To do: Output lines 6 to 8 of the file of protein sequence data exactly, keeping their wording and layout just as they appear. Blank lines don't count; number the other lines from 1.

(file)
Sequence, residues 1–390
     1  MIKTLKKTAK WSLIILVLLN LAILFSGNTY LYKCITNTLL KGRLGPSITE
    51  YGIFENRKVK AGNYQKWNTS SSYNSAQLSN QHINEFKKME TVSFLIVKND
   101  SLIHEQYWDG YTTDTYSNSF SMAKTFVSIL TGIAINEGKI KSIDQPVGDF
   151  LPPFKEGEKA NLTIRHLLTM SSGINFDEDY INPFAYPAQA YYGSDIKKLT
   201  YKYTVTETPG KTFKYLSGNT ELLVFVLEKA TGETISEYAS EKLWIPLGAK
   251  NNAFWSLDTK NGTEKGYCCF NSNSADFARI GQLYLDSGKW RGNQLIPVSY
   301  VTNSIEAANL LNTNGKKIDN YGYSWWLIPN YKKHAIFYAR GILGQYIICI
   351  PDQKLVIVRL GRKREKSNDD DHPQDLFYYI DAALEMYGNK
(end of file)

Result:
   201  YKYTVTETPG KTFKYLSGNT ELLVFVLEKA TGETISEYAS EKLWIPLGAK
   251  NNAFWSLDTK NGTEKGYCCF NSNSADFARI GQLYLDSGKW RGNQLIPVSY
   301  VTNSIEAANL LNTNGKKIDN YGYSWWLIPN YKKHAIFYAR GILGQYIICI